The “don’t ask, don’t tell” policy toward gay members of the military is unconstitutional, a federal judge in California ruled Thursday.
Judge Virginia A. Phillips of Federal District Court struck down the rule in an opinion issued late in the day. The policy was signed into law in 1993 as a compromise that would allow gay and lesbian soldiers to serve in the military.
The rule limits the military’s ability to ask about the sexual orientation of service members, and allows homosexuals to serve, as long as they do not disclose their orientation and do not engage in homosexual acts.
The plaintiffs challenged the law under the Fifth and First Amendments to the Constitution, and Judge Phillips agreed.
“The don’t ask, don’t tell act infringes the fundamental rights of United States service members in many ways,” she wrote. “In order to justify the encroachment on these rights, defendants faced the burden at trial of showing the don’t ask, don’t tell act was necessary to significantly further the government’s important interests in military readiness and unit cohesion. Defendants failed to meet that burden.”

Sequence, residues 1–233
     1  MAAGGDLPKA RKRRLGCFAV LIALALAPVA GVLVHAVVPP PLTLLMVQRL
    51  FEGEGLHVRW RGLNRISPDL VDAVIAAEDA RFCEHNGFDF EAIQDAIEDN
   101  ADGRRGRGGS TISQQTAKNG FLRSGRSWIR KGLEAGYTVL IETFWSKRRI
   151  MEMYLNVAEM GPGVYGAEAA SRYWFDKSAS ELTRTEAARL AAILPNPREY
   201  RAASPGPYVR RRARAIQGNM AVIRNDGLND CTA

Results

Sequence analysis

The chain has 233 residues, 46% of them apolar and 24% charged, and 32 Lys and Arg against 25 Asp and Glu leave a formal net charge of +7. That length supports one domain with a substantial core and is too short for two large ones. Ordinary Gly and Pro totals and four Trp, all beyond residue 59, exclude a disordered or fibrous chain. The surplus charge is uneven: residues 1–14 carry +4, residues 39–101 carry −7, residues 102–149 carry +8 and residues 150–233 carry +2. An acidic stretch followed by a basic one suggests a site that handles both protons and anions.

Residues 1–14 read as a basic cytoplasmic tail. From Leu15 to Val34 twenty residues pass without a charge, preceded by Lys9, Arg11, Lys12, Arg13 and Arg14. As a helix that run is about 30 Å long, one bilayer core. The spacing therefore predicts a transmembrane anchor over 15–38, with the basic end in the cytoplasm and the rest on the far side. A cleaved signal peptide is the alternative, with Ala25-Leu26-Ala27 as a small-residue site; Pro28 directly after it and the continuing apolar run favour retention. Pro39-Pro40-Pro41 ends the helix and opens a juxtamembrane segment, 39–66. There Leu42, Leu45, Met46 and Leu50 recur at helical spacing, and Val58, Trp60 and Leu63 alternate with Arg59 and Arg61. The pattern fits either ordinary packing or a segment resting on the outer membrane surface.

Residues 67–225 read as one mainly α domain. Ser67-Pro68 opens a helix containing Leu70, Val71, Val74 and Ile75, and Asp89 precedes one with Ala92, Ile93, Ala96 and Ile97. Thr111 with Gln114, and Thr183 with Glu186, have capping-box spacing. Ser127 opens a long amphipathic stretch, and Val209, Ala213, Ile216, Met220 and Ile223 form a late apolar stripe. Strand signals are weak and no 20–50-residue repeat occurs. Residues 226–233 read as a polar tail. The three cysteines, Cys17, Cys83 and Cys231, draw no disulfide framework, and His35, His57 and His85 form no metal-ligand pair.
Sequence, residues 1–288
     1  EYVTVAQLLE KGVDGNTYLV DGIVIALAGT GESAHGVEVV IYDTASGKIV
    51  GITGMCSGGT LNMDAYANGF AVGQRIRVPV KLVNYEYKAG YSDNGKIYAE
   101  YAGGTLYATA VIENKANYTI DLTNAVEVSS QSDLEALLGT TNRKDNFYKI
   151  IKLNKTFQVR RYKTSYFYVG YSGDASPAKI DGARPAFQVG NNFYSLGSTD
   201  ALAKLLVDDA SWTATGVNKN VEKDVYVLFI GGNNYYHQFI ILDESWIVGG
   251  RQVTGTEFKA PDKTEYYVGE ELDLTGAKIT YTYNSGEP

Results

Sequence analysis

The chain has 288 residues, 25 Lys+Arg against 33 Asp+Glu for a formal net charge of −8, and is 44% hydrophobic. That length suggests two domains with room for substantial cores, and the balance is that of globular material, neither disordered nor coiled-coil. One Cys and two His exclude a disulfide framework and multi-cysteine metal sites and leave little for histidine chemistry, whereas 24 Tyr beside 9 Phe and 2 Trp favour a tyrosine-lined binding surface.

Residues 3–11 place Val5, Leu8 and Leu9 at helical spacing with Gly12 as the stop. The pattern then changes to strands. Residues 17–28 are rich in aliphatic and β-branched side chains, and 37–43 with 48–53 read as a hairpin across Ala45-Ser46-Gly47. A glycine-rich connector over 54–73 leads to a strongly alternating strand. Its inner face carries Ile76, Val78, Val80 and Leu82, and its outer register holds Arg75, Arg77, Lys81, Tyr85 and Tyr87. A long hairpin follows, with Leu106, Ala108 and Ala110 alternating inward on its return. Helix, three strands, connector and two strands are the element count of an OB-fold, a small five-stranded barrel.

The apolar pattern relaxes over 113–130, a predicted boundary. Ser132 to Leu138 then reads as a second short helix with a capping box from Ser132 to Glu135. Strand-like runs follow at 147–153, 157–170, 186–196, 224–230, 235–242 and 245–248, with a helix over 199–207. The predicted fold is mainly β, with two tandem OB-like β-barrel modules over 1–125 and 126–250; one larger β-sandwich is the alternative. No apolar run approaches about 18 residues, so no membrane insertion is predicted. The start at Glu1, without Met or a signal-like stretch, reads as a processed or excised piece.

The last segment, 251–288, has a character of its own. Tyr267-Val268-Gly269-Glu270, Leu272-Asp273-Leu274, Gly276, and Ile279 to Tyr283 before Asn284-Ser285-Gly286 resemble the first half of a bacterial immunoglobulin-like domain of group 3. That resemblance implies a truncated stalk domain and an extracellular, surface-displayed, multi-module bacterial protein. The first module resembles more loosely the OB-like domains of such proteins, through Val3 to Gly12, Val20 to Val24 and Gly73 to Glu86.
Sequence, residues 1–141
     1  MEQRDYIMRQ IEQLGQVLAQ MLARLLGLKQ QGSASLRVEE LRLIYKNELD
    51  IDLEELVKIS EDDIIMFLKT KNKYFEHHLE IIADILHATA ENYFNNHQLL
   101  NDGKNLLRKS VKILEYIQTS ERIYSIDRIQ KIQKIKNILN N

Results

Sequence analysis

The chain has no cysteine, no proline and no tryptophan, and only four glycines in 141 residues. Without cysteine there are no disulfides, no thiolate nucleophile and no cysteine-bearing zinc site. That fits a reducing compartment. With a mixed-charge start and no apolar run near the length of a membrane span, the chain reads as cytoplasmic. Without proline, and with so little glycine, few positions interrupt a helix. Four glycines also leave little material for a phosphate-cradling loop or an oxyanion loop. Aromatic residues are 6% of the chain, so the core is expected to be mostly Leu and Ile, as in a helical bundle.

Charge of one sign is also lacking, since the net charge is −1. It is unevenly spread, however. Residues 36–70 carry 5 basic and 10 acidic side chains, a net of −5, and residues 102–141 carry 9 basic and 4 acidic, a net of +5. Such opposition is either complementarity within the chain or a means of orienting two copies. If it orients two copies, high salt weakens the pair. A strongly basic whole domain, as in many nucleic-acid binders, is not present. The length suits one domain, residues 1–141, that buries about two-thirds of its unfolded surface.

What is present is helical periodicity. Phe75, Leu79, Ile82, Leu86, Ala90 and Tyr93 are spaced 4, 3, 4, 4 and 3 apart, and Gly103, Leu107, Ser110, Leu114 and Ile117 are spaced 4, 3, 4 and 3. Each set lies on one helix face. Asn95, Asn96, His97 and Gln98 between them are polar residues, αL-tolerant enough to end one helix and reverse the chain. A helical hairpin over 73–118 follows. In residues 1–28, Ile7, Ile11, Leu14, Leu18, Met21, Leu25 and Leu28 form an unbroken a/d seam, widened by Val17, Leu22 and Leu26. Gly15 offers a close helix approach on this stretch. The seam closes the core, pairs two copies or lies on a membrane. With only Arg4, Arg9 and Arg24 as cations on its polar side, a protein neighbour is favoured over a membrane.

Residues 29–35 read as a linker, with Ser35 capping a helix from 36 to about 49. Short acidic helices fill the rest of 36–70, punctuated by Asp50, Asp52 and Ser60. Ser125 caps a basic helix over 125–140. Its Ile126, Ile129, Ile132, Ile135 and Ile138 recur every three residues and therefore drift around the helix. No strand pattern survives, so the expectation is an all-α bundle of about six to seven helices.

The rule, she wrote in an 86-page opinion, has a “direct and deleterious effect” on the armed services.
The plaintiffs argued that the act violated the rights of service members in two ways.